Full Text for Galatians- Volume 9 - More about the Jerusalem Council (Video)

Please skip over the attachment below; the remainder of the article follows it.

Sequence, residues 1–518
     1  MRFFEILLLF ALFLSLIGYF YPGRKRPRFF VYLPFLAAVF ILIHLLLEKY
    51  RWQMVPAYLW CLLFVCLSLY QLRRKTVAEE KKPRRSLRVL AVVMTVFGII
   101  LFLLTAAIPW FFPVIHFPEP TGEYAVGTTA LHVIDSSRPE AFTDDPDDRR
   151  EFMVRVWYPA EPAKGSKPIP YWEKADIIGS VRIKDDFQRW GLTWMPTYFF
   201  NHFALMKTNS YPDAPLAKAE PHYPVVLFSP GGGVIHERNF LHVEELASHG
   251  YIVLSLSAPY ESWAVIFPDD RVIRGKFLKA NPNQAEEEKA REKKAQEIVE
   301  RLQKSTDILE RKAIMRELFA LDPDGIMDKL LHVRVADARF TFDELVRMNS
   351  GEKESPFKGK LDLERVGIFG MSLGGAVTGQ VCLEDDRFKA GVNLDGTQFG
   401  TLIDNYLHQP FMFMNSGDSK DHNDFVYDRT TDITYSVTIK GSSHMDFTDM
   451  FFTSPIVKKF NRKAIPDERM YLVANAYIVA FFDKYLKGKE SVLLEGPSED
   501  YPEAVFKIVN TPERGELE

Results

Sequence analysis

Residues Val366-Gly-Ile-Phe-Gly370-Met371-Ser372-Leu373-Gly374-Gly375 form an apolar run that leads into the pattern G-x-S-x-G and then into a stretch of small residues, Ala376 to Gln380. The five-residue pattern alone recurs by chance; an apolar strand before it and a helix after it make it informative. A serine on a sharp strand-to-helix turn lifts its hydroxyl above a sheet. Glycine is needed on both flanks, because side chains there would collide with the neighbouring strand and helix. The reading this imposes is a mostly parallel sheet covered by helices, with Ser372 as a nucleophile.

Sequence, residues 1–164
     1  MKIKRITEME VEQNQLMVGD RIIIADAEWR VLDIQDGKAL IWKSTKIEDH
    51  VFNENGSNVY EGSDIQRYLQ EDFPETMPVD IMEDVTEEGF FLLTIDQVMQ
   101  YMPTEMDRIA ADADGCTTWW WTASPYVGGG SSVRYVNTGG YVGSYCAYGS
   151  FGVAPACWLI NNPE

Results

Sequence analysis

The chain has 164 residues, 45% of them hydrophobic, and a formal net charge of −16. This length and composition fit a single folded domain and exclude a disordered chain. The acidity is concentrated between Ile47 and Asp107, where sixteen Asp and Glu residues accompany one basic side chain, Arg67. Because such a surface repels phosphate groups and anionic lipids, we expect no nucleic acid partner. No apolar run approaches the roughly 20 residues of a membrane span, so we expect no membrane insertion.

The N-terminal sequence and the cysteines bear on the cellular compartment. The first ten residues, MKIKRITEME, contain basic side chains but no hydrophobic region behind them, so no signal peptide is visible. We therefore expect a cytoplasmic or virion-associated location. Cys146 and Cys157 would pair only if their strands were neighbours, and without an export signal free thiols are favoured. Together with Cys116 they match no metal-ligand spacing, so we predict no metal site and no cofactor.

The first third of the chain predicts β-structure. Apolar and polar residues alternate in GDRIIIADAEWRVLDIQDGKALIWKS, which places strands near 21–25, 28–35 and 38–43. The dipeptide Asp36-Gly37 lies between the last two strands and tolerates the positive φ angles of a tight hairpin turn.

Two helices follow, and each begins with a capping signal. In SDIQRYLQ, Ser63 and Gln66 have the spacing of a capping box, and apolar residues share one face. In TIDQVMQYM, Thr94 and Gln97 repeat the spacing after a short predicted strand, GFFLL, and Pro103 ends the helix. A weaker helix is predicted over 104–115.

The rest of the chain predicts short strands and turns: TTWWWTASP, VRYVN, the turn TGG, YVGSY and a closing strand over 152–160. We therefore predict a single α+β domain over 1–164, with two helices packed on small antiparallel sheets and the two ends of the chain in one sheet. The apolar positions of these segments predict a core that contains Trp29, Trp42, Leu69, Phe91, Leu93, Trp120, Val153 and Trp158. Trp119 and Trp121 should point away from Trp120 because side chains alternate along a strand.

No. 9. >> Tell us about that Apostolic Council, if you will. >>DR. ARTHUR A. JUST, JR.: As I said in the previous answer to the question right before this, it is a watershed event. And this is a place where you see coming together every major figure in the New Testament. In fact, when we look at what happens in the private meeting in Galatians 2, the same people are involved, and in fact if you count up the books in the New Testament, 24 out of the 27 books of the New Testament are represented by Peter, Paul, John and James, the brother of our Lord. The only books that aren't represented are Matthew, Jude, and the book of Hebrews, who we don't know the author to. And I would bet that Matthew is at this Council as well as Jude. So everybody who was everybody was at this Council. Now, this is an important point: Both the church of Antioch and the church in Jerusalem recognized that they had to bring all the players to the table. And the precipitating event, unlike Antioch, which was table fellowship, the precipitating event for the Apostolic Council was circumcision. Now that's what the Book of Acts says. Listen how it begins, Chapter 15 of Acts. But some men came down from Judea and were teaching the brothers: Unless you are circumcised according to the custom of Moses, you cannot be saved. And then it tells about how Paul and Barnabas had no small dissension and debate with them. And Paul and Barnabas and some of the others were appointed to go up to Jerusalem to the apostles and to the elders about this question. And then the end of this little section, verses 5 and 6 said this: But some believers who belonged to the party of the Pharisees -- notice that the party of the Pharisees -- rose up and said it is necessary to circumcise them and to order them to keep the law of Moses. So circumcision and keeping the law of Moses as a means of salvation is the significant point of the meeting of all of these great leaders in the New Testament in Jerusalem in the Apostolic Council. And if you look at your chronology, you'll see this is around the year 49. Now, in any kind of a situation like this, it's important to know what the points of view are. And there are three points of view that are represented here. The first one we just mentioned, the Pharisaical point of view. These are Christians. They are Pharisees. And their point of view is they certainly believe in salvation by grace through faith. But they also add that one must be circumcised and keep work for the law. So it's salvation plus something. The second point of view represented is the point of view by Paul. And Paul, of course, because he is the head of the Gentile mission is just absolutely passionate about keeping works of the law out of it. So his point of view is that salvation is by grace through faith and that's it. You don't have to do anything to be saved. You don't cooperate with God. God does it all. God saves you. And God gives you the faith by which you can passively as a recipient receive that grace. And he really in a sense represents the Gentile point of view. Then there is going to be a third point of view. And that's the Jewish point of view represented by James, the brother of our Lord, who is the bishop of Jerusalem. And he says very clearly that salvation is by grace through faith alone. Not by works of the law. But he will also say that there are some issues that people have to be sensitive to. And that is if you're in a Jewish context, you must recognize that the greatest danger for Jews and Gentiles is idolatry. That is the First Commandment. And the First Commandment is critical to the church of Jerusalem because of the idolatrous nature of Gentiles and the idol worship in the ancient world. Now, I think we should pause for a moment and talk about that. Because it certainly is a big factor in Paul's ministry and it certainly is in the Apostolic Council. I don't know if you realize it but pagan worship was obviously the worship of the empire. And this was a very vital way of life for the pagan Rome. And they had temples and they had what we might call two sacraments so to speak. And by sacraments I simply mean that the pagans had two ways of communing with the god. They communed with the god by means of the food that they ate after it was sacrificed to idols. And they also communed with the god by means of sexual idolatry with prostitutes. So great food. And consorting with temple prostitutes. Those were the means by which they communed with their god. And you're going to see that what James responds to in the Apostolic Council is a response to these two things. Now, it's interesting that as the Council begins, it is Peter, of course, who stands up first. And in a way, I think this is one of the most courageous moments in the New Testament. Now, again just looking at the context here, the Antioch -- the incident in Antioch where Peter seems to depart from the Gospel has happened and he and Paul seem to have a falling out there and I think here and the Apostolic Council Peter is assuming a point of view leadership to demonstrate his repentance for what happened in Antioch. Because what Peter represents is not the Jewish point of view. And remember, Peter from Jerusalem would have really been more in tune with the Jewish point of view than the Gentile point of view. I mean, he probably lived like a Jew when he was in Jerusalem. But Peter now in place of Paul represents the Gentile point of view. Now, I think he realizes for Paul to stand up and represent this point of view would have been political disaster. The Jerusalem church didn't like Paul. He was the one causing the trouble. The people had gone to undermine Paul there was great division there between some of these Jews from the Pharisaical party and Paul. So Peter realizing a that for Paul to represent himself would have been a disaster. So Peter stands up courageously and represents in front of all of his Jewish friends there in Jerusalem the Gentile point of view. And this is what he says: He says brothers you know that in the early days God made a choice among you. That by my mouth the Gentiles should hear the word of the Gospel and believe. And God, who knows the heart, bore witness to them by giving them the Holy Spirit just as he did to us. And he made no distinction between us and them having cleansed their hearts by faith. Now, therefore, why are you putting God to the test by placing a yoke on the neck of the disciples that neither our fathers nor we have been able to bear. But we believe that we will be saved through the grace of our Lord Jesus Christ just as they will. Now, that yoke is the yoke of the law. And here Peter is very clearly testifying to the fact that through that revelation, his going to Cornelius, he had revealed to him that it was okay to eat with Gentiles. That it was right for them to enter the church. Now, I want to point out here that Paul -- that excuse me Peter is not referring to Scripture at all. He's referring to his experience. His experience there by the revelation of God and his experience with Cornelius. And he shows very clearly that the Gentile point of view is that salvation is through the grace of our Lord Jesus Christ. And that Gentiles are saved exactly like Jews are. Now, it says that the assembly fell silent. They must have been stunned that Peter, the great apostle to the Jews, got up and defended the Gentile point of view. But then it says the assembly listened to Barnabas and Paul as they related what signs and wonders God had done through them among the Gentiles. Now, again, Paul and Barnabas, no testimony of Scripture. But they are talking about their first missionary journey and how the Gospel was opened up to Gentiles. They are in a sense testifying to their experience. Now, there's nothing wrong with this. But I just simply want to point out that Peter, Barnabas and Paul do not refer to Scripture. That is for the bishop of Jerusalem. That is for James. And here you can see that James is the major figure at the Apostolic Council. He is the bishop. He stands up. He quotes Scripture. He's the rabbi. He's the one that people listen to. And because James speaks, because of his authority as bishop of Jerusalem, even over Peter and Paul, the church submits to his words. Now, listen what it says, this is what James says after Paul and Barnabas are finished speaking: Brothers, listen to me. Simeon -- that is Peter -- has related how God first visited the Gentiles to take from them a people for his name. And with this the words of the prophets agreed just as it is written. After this I will return and I will rebuild the tent of David that has fallen. I will rebuild it's ruins and I will restore it. And the remnant of mankind may seek the Lord and all the Gentiles who are called by my name says the Lord who makes these things known from of old. Therefore, my judgment is that we should not trouble those of the Gentiles who turn to God, but should write to them to abstain from the things polluted by idols and from sexual immorality and from what has been strangled and from blood. For from ancient generations Moses has in every city those who proclaim him for he has read every Sabbath in the synagogues. Now, I wish I had time to totally unpack these two citations here. James is citing from Amos and from Leviticus. The Amos citation is a clear proclamation from the prophets that the Gentiles are part of the kingdom of God. They are called by name. Which means they can enter into the presence of God. That is a critical point. And really in a way what James is referring to is the fact that Jews and Gentiles are clean and can enter into God's presence. Not just Jews who have all of the temple cleanliness codes and purity codes. But now in Christ the Gentiles are declared holy, as well. Now, this is a radical statement, especially for the bishop of Jerusalem to say. Especially somebody who is in charge of a Jewish church. But James does something that has always bothered people. Is it seems like he does give laws. And Paul and Barnabas as you're going to see and Peter, too, completely agree with James. But in citing the Leviticus holiness code, what James is basically doing is appealing to the First Commandment. And the Sixth Commandment. And what he's saying is this: Whether you're Jew or you're Gentiles, there's to be no idolatry. There's to be no sexual immorality. Now, remember what I said about the temples. He's not just talking about the run of the mill idolatry and sexual immorality. He's talking about worship at the temple cult. He's talking about how the fact that Gentiles who up until this time have worshiped there, if they are going to be in the context where there are Jews who are deeply, deeply offended by this activity, that they must refrain from this. Now, this is the interesting thing: After this Council, for all intents and purposes, circumcision ceases to be an issue. It really isn't discussed as a problem in the church. Even up until this day. Nobody really insists after this, except perhaps some stray Jewish cults, that one must be circumcised. And it really ceases to be an issue for Paul. However, the other issues that have to do with idolatry and the temple cults not only continue to exist for Paul in places like Corinth. But if you read the history of the early fathers, the first 3 or 400 years of Christianity when the temple cult was still alive and well, they would repeatedly go back to these admonitions in Acts 15 and show that they still obtain for the people of God because of the temple cult. Today, since we don't have those kinds of idol worship around, that is perhaps not as big an issue for us. But I will say: Last December I was in India. And I went into a Hindu temple where there was idol worship and there was clearly food that was being sacrificed to idols. In a context like that, this passage in Acts 15 might be very important to that church there. In summary, Acts 15 basically now says to Paul and Barnabas: With the imprimatur of Peter, James and all the leaders of the church, that the mission to the Gentiles is not only God's will, but even the Old Testament testifies to the fact that this is what God had in mind for the world. And so from this point on, Paul and Barnabas are given the blessing of the Jerusalem church to go out and preach the Gospel to Gentiles.